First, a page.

Selling Glasses Online. Setting Pricing Strategy

11 January 2015

Many people give up on opening an online optical store when they just think of pricing strategy. They think, it is hard enough to compete on price with the walk in optical store, but it must be even harder online because of so much competition. You get it wrong if you also think this way. Yes, you would not be the cheapest on the net with your products, but cheap is actually not always good.

How Google Shows Your Website

Before you even think of pricing, you need to understand how Google displays websites to people. If you in New York would open up your browser and type “Prada VPR 10Q eyeglasses” you would see completely different result from someone in Toronto typing same keyword. So, when you are competing online with other websites, you need to realize that you are not competing with entire world. It does not mean that a New York website wouldn’t get sales from Toronto customers, but generally, your competition is limited to 10 websites that Google ranked you against. 

Location of the customer is a primary factor for search displays, but there are others. If your webstore for example offers Nikon lenses and that particular customer searched for Nikon before, your website will be shown to him in the top of the page. And if your price is the highest of other 9 websites, 30% chance you will get the sale just because you appeared first. This is just how odds work on Google.

Waiving the Cheap Price Myth

You would search Google yourself and ask how can some popular websites have a price lower than my cost? Yes, you guessed it right. They are selling fakes. Some of them, are not selling any eyeglasses, they are selling “cancellation fees”. They charge a few dollars cancellation fee. After a customer bought a pair they will hold the order on long backorder hoping customer will initiate cancellation. Then they will charge cancellation fee. We will not get into much details about how others rip customers off. We want to make sure that you realize that you are only competing for same customers your competitors do – somewhat educated and legitimate.

Choose Pricing Strategy With Room for Maneuver

So, you shouldn’t worry to be the cheapest. Obviously you can’t be the most expensive either. You should be right in between generally. Like we talked before promotions of your website is very important, so if you planned for enough margin you will have room for discounts and coupons. Plus, given that you have a walk-in store, your online price should be around the same. Otherwise it will become a mess to explain to a customer why your in-store price is much different from online.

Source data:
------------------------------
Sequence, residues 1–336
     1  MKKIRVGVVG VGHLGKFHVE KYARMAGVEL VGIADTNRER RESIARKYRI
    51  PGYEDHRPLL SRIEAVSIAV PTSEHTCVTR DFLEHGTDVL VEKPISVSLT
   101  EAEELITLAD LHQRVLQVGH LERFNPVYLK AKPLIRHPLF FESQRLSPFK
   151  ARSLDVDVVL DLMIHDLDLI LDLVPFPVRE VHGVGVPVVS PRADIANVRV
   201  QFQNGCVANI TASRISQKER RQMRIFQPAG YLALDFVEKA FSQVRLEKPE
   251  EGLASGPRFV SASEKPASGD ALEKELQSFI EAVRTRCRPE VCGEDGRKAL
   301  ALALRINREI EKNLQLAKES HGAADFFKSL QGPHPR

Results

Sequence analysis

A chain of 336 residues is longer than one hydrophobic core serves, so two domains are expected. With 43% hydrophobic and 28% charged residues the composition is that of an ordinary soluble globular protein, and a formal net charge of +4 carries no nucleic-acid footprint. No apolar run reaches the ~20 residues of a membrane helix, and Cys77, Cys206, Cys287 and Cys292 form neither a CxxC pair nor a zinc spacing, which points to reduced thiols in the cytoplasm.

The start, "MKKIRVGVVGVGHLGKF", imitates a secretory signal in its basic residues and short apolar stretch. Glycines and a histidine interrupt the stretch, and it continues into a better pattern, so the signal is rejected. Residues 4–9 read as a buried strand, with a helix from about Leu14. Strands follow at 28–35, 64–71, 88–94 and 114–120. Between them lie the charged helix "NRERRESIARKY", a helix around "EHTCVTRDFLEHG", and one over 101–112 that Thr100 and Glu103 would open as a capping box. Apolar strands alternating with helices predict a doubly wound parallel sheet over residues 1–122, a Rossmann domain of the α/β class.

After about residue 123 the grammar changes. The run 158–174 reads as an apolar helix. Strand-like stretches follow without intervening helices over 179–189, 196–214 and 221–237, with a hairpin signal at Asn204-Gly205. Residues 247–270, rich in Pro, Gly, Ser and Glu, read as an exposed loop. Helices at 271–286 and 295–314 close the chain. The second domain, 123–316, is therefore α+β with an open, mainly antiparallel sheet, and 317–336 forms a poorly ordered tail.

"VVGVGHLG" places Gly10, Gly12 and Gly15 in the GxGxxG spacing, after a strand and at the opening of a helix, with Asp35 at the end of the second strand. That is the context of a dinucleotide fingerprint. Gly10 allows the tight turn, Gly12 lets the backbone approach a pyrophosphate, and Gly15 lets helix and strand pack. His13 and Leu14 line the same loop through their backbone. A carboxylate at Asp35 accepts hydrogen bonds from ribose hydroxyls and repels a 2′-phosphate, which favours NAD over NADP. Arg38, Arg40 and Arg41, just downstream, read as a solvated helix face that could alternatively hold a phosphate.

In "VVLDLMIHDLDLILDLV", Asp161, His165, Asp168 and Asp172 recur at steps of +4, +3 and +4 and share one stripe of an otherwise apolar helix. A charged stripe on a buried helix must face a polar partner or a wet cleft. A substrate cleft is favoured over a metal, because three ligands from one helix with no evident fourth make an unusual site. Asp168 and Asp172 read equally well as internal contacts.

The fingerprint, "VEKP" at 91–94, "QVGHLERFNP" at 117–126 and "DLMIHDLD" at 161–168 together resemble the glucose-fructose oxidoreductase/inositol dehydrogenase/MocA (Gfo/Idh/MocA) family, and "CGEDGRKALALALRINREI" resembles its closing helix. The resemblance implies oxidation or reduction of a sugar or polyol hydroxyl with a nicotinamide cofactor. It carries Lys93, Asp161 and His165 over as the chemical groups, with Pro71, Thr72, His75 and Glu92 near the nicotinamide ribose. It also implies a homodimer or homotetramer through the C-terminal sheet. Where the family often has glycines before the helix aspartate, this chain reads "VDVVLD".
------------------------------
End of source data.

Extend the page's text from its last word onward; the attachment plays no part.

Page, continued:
Higher price often brings credibility to your website. Serious shoppers understand that there is a cost and if your price is much lower than competition they will doubt that you have authentic product. You can offer cheaper lenses with the package to make it sound like a good deal. If you are experienced optician you will know that lenses cost vary a lot giving you a lot of room for price play. But your eyeglasses frames and sunglasses have to be priced high enough to not discredit your webstore.

A Final Price is a Total Price

An important factor of the total price is shipping charges. All online customers know they might need to pay for shipping and will be either checking your website for the price or finding it out on the checkout. So for your customers a total price is not just eyeglasses. It’s eyeglasses + shipping. $200 will turn into $220 for a local customer or $280 for someone in Europe or Australia. Some of our customers prefer to have higher price for the eyeglasses and offer free shipping, while others like to keep shipping fees separate to make the initial price sound cheaper to get a click through. It is often a good pricing strategy to offer free shipping to customers in your city. When you sell glasses with LiveOptical software, you will be able to set a different price per country, province or even city and offer free shipping to certain cities and even for a certain time.